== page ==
George Borrow is walking through Wales in November 1854, and does not regard an umbrella as something expendable, to be thrown out when one or two struts have broken! No Bibles for sale this time, but he’s as full of himself as ever. Enjoy his bombast! But we could remind him of Psalm 17:8, ‘Keep me as the apple of thy eye. Protect me under the shadow of thy wings.’ Even when the rain is in your face, the Lord will protect you. If you allow him to.
Rain came on, but it was at my back, so I expanded my umbrella, flung it over my shoulder and laughed. O, how a man laughs who has a good umbrella when he has the rain at his back, aye and over his head too, and at all times when it rains except when the rain is in his face, when the umbrella is not of much service. O, what a good friend to a man is an umbrella in rain time, and likewise at many other times. What need he fear if a wild bull or a ferocious dog attacks him, provided he has a good umbrella? he unfurls the umbrella in the face of the bull or dog, and the brute turns round quite scared, and runs away. Or if a footpad asks him for his money, what need he care provided he has an umbrella? he threatens to dodge the ferrule into the ruffian’s eye, and the fellow starts back and says, “Lord, sir! I meant no harm. I never saw you before in all my life. I merely meant a little fun.” Moreover, who doubts that you are a respectable character provided you have an umbrella? you go into a public-house and call for a pot of beer, and the publican puts it down before you with one hand without holding out the other for the money, for he sees that you have an umbrella and consequently property. And what respectable man, when you overtake him on the way and speak to him, will refuse to hold conversation with you, provided you have an umbrella? No one. The respectable man sees you have an umbrella and concludes that you do not intend to rob him, and with justice, for robbers never carry umbrellas. O, a tent, a shield, a lance and a voucher for character is an umbrella. Amongst the very best friends of man must be reckoned an umbrella.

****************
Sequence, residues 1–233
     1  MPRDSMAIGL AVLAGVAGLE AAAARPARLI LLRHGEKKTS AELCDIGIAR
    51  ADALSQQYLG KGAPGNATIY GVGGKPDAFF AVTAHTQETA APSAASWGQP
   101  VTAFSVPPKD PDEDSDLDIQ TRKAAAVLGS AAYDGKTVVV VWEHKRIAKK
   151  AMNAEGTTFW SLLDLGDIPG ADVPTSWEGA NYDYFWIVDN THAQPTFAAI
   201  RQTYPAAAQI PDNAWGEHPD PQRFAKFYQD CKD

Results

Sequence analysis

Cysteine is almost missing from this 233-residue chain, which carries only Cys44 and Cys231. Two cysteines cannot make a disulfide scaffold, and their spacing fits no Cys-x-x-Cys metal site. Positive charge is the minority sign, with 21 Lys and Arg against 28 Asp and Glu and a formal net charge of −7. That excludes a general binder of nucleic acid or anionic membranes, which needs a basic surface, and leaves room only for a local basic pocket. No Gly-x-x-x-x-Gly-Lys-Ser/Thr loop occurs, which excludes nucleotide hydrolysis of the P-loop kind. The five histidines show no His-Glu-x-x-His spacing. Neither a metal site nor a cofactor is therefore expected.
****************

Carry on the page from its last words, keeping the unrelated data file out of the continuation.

from Wild Wales by George Borrow.